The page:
But if a Muhyiddin premiership should act as lackadaisical as Najib’s and continues to allow the hardliners to be loud and to take charge, then an end to UMNO’s hold on power is also probable.

    Third, the Sri Lankan election is an interesting reference point. A last minute split in the ruling party, with a minister breaking ranks to contest against the incumbent, manages to provide a viable alternative. And, with support from half of the majority Sinhalese support and a landslide among Tamil and Muslim minorities, this rebel managed to defeat the incumbent.

    The idea of another split within UMNO has to be brought into the equation partly because of Datuk Seri Anwar Ibrahim’s imprisonment and also because of the inability of Hadi Awang and PAS to capture the centrist imagination and provide a credible alternative.

    If Fadzil Noor were still around, with his centrist posture, there would be no hesitation for the entire opposition to rally around him as the de facto leader of the opposition the moment Anwar Ibrahim was taken out of action. In contrast, Hadi has diminished into being a factional leader within PAS.

    PAS as always had trouble convincing the middle ground of its ability to play on the federal stage, and with Hadi remaining the party head, it will simply continue to drift into its diminishing world.

    These are the reasons why I say that if the status quo remains, if both Najib and Hadi remain head of their respective parties, we have to expect new personalities to push themselves onto centre-stage and vie for the future leadership of Malaysia.

    Who would these people be? At risk of over-simplification, a first group would be what I would call the “Bangsar” establishment figures like those who are members of G25 and the like. A second group would be the “Bangi” Islamists who have yet to involve themselves in electoral politics.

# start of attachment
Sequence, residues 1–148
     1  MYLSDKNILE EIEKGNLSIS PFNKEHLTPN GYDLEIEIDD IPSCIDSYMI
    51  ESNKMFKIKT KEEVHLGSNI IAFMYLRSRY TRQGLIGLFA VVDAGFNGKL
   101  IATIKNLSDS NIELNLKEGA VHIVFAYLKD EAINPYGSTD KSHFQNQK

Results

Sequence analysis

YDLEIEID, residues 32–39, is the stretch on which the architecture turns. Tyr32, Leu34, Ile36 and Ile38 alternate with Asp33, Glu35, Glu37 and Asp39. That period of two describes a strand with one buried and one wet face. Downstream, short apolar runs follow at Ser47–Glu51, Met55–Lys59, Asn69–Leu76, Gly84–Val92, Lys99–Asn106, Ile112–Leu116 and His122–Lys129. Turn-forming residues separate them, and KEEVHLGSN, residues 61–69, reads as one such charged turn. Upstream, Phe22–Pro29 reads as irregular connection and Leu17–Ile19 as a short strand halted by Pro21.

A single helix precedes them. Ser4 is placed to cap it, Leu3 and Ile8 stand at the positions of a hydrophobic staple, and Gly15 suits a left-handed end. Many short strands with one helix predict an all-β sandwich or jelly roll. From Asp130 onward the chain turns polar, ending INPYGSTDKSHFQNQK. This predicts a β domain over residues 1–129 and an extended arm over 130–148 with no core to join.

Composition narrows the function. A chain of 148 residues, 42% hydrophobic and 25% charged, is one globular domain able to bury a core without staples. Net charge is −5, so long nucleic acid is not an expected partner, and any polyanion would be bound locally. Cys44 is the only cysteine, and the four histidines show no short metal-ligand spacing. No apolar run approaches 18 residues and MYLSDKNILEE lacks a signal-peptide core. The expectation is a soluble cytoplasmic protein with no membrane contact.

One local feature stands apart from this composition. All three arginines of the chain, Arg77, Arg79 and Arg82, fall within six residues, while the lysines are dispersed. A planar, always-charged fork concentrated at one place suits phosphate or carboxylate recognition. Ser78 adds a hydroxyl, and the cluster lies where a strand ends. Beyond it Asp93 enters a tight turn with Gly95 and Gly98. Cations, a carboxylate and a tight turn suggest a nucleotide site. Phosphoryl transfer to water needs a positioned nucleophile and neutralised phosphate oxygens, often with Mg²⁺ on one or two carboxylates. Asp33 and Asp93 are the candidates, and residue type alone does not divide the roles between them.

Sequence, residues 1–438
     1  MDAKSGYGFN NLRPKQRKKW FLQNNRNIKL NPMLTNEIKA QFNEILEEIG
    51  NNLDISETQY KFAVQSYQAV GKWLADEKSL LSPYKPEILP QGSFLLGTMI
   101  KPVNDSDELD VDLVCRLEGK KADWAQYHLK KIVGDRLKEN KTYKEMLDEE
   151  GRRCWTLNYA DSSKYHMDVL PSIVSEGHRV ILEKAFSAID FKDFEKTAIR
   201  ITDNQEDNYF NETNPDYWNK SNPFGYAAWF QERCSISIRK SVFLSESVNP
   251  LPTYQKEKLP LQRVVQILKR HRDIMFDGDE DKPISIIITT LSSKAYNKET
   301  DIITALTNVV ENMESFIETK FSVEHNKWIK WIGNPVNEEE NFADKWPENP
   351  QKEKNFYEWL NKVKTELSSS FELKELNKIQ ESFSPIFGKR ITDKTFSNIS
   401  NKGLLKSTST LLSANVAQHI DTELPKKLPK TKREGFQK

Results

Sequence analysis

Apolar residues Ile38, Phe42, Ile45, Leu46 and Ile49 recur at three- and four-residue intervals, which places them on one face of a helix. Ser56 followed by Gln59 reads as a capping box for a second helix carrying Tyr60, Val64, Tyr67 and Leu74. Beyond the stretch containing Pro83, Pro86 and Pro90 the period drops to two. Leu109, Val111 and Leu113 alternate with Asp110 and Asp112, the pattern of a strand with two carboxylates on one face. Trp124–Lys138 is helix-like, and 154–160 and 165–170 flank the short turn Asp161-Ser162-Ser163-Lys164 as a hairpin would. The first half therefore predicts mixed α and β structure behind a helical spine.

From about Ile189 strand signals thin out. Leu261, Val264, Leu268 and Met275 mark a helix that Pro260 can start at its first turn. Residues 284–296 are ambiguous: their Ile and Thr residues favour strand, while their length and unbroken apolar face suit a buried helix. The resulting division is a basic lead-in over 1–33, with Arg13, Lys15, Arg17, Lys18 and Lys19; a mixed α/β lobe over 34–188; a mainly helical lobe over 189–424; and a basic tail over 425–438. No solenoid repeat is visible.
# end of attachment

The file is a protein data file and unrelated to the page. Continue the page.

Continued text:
A third source is harder to define, but it will come from within Malay youth at large. After all, they are the ones with little to lose and everything to gain.

    It’s still early days. The fact remains though. There is a leadership vacuum in Malaysia, and this vacuum is felt most strongly among the Malays, especially among Malay youths. Such as situation is not one to bet on to continue.

    Speech by DAP National Political Education Director and Kluang MP Liew Chin Tong at the Australian National University on 8 April 2015

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    PETALING JAYA, April 21 ― DAP's Yeo Bee Yin kicked off a campaign today to raise awareness about rape and to reverse the culture of victim blaming, in line with this month’s sexual assault awareness campaign. The Damansara Utama assemblyman said

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    “We will see a sea of red in KL (Kuala Lumpur) on May 1 to show the people’s anger towards GST – the people’s anger towards Barisan Nasional for imposing GST which burdens the people.” -Anthony Loke